Christopher Caldwell Tells Some Octavian Truth

Christopher Caldwell received the Octavia E. Butler Memorial Scholarship the very first year we gave it out. Here’s what he can say about what that was like:

I read Parable of the Sower when I was sixteen. I was a queer, precocious teen struggling with faith in Los Angeles and here was a strange, precocious, teen narrator struggling with faith in a fictional Los Angeles suburb in the near future. It wasn’t so much that I felt seen by the work as the realization that stories like mine were also worth telling. Until that point, my writing had mostly been imitative of what I thought great literature should be: white protagonists, heterosexual relationships, middle class agita unconcerned with the hows and whys of the status quo. Kindred had cracked the world open for me a year before, and Parable drove a wedge into that crack. I wanted to be more authentically me on the page and in my life.

I read a lot. And I wrote a lot, much of it pretty terrible. But I kept up with Ms. Butler’s career, and bought her latest books as soon as they came out. I listened and tried to internalize advice from “Furor Scribendi” and “Positive Obsession,” essays she had written about writing. My twin mantras became “forget talent” and “persist.”

I knew that she sometimes taught at Clarion West and Clarion workshops, and I assured myself that one day, when I felt good enough, I would apply during a year that she taught. That day never came, because she passed away in 2006, far too young. The grief you have for someone you have never met is a strange thing. But I promised myself the next year I would apply.

In 2007, I did apply. I could only afford one application, and I picked Clarion West because Samuel R. Delany was teaching. I didn’t think I would be accepted. I didn’t know how I could afford it if I was accepted. I didn’t know how I would take six weeks off from my terrible, high stress, low paying job. I was working nights and writing in that gap in the afternoon until it was time for me to return to work again. I didn’t even know if it was any good, but I told myself to stop worrying about talent and persist.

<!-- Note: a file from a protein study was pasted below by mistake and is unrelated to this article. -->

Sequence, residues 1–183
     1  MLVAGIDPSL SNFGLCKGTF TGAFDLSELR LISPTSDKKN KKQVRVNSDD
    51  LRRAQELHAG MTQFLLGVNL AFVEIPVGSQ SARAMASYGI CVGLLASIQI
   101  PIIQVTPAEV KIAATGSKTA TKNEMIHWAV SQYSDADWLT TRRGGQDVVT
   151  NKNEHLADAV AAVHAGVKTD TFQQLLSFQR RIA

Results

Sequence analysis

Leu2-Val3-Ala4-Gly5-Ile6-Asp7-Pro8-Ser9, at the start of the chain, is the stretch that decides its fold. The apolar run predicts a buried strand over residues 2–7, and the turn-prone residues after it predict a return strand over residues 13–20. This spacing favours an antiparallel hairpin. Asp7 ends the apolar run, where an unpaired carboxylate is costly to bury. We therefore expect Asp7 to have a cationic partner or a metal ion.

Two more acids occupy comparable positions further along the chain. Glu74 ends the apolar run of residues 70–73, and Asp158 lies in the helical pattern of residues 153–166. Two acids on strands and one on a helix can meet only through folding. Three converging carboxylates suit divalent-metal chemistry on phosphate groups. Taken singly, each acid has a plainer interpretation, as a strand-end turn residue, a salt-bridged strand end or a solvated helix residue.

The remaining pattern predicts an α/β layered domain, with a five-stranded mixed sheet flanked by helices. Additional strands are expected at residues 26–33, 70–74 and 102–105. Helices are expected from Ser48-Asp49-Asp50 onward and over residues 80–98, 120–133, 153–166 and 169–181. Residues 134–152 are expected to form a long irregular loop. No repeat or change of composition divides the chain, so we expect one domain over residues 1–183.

I was accepted. And I was elated. I didn’t know how I’d afford it. Then a second call came through, congratulations, you’re one of the first recipients of the Octavia E. Butler scholarships. I didn’t care then how I would take the six weeks off. I had to go. It felt like a calling. I’m not a superstitious person, but this felt as much like a sign as anything. I was enough, imperfect as I was and remain, to be chosen to receive this honor in the name of the writer I respected most in all the world.

The workshop was hard. I cried more than once. “Forget talent.” “Persist.” I did both and I turned in a story every week, sometimes staying up for 20 or more hours to do so. I felt I owed my best effort, and I gave it.

There’s a lot people can tell you about the workshop experience. For some people it helps them understand new ways to work, others value the connections and networks they develop. Some people blossom, others stop writing. But for me, receiving the scholarship and attending the workshop was sort of a contract. I must persist.

I’ve kept writing. I’ve kept giving my best. I’ve kept trying to bring something true and authentic to the world, even if it’s dressed up in lies, which, after all, is the business of fiction. I hope, without expectation, that something I write will crack the world open for some queer, brown teenager the way Kindred and Parable of the Sower cracked the world open for me. But the hope exists because I was honored and trusted with the Octavia E. Butler Memorial Scholarship.